VI. Other Embodiments
Methods for evaluation of disorders, methods for monitoring changes in cells, methods of identifying compounds, methods of isolating compounds which interact with a PTK, compositions of compounds that interact with a PTK, and derivatives of complexes are disclosed in detail with respect PYK-2 in PCT publication WO 96/18738 and U.S. Pat. No. 5,837,815. These publications are hereby incorporated herein by reference in their entirety, including any drawings, tables, or figures. Those skilled in the art will appreciate that such descriptions are applicable to the present invention and can be easily adapted to it. Those skilled in the art will also appreciate that any modifications made to a complex can be manifested in a modification to any of the molecules in that complex. Thus, the invention includes any modifications to nucleic acid molecules, polypeptides, antibodies, or compounds in a complex.
In addition, the WO 96/18738 provides disclosure describing the recombinant DNA techniques pertaining to the present invention, nucleic acid vectors, the nucleic acid elements of these vectors, the types of cells that can harbor these vectors, methods of delivering these vectors to cells or tissues, methods of producing and purifying antibodies, methods of constructing hybridomas that produce these antibodies, methods of detecting signaling molecule complexes, methods of detecting interactions with natural binding partners, antibodies to complexes, disruption of PTK protein complexes, purification and production of complexes, transgenic animals containing nucleic acid vectors encoding a PTK, antisense and ribozyme approaches, and gene therapy techniques. Those skilled in the art will readily appreciate that such descriptions are applicable to the present invention and can be easily adapted to it.
Other methods associated with the invention are described in the examples disclosed herein.
The examples below are non-limiting and are merely representative of various aspects and features of the procedures used to demonstrate the role of PYK-2 in signal transduction in inflammation.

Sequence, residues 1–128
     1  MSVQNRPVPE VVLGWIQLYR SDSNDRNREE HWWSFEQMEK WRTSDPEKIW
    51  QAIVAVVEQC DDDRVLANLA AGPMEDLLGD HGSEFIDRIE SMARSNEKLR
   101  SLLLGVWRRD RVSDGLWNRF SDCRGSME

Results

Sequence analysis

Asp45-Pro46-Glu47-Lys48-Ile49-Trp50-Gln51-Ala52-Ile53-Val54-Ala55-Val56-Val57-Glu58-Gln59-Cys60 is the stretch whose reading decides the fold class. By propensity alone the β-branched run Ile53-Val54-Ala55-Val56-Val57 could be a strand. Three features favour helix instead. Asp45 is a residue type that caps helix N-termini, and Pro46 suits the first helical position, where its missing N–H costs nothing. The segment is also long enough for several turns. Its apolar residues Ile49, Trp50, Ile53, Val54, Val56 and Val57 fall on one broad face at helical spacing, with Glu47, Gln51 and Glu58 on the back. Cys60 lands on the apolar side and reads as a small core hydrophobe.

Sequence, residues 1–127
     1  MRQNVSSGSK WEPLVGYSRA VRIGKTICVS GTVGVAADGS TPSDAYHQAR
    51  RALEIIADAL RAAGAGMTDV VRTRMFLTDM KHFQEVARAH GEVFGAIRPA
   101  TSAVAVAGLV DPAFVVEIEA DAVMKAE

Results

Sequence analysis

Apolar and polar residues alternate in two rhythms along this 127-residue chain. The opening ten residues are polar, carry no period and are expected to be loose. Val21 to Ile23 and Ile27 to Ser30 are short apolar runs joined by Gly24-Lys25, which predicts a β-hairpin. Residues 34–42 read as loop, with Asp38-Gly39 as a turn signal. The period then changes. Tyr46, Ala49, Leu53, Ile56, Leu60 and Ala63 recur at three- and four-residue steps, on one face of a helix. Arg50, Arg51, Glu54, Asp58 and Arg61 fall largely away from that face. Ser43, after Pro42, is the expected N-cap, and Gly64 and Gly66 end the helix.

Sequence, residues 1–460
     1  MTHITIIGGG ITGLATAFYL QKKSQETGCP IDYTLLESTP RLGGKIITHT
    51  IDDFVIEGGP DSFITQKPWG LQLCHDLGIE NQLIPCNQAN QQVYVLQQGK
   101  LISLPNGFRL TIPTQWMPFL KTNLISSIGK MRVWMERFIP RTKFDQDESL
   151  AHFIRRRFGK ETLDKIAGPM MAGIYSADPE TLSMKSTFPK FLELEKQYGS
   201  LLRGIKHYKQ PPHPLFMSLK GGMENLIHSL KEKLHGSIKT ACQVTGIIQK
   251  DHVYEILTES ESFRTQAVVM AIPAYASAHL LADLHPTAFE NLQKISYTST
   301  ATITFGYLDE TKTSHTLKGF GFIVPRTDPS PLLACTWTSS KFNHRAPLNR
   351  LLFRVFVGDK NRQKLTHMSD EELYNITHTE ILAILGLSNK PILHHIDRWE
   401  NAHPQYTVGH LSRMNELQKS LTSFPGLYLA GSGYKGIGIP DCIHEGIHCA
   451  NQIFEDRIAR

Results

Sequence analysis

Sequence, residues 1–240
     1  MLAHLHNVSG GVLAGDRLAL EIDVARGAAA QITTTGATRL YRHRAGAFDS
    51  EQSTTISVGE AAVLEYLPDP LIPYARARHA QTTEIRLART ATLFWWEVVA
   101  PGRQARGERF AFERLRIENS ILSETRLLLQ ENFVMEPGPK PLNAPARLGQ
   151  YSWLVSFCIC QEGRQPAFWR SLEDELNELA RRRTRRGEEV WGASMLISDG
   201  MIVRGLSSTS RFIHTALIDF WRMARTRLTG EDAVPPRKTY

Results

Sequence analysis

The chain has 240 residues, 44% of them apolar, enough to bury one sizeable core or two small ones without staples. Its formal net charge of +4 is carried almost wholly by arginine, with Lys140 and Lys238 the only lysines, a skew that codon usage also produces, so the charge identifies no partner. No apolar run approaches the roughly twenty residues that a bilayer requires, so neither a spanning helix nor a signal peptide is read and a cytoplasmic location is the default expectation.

Materials and Methods
Bradykinin, pertusis toxin, cholera toxin, forskolin, phorbol 12-myristate 13-acetate (PMA), calcium ionophore A23187, carbachol, muscarine, atrophine, mecamylamine, and 1,1-dimethyl-4-phenyl piperazinium iodide (DMPP) were purchased from Sigma.
Cells and Cell Culture
PC12-rat pheochromocytoma cells were cultured in Dulbecco's modified Eagle's medium containing 10% horse serum, 5% fetal bovine serum, 100 μg/mL streptomycin and 100 units of penicillin/mL. NIH3T3, 293, GP+E-86 and PA317 cells were grown in Dulbecco's modified Eagle's medium containing 10% fetal bovine serum, 100 μg/mL streptomycin and 100 units of penicillin/mL.
Antibodies against PYK2 were raised in rabbits immunized (HTI) either with a GST fusion protein containing residues 362-647 of PYK2 or with a synthetic peptide corresponding the 15 amino acids at the N-terminus of PYK2. Antisera were checked by immunoprecipitation and immunoblot analysis. The specificity was confirmed either by reactivity to the related protein Fak or by competition with the antigenic or control peptides. The antibodies were found to be specific to PYK-2; they do not cross react with FAK.
Transfections and Infections
For stable expression in PC12 cells, PYK2 was subcloned into the retroviral vector pLXSN (Miller and Rosman, Biotechniques 7:980, (1989)). The construct was used to transfect GP+E-86 cells using lipofectamine reagent (GIBCO BRL). 48 hours after transfection, virus containing supernatants were collected. Pure retrovirus-containing cell-free supernatants were added to PC12 cells in the presence of polybrene (8 μg/mL, Aldrich) for 4 hours (MCB 12 491, 1992). After 24 hours, infected PC12 cells were split into growing medium containing 350 μL/mg G418. G418 resistant colonies were isolated two to three weeks later and the level of expression was determined by Western blot analysis.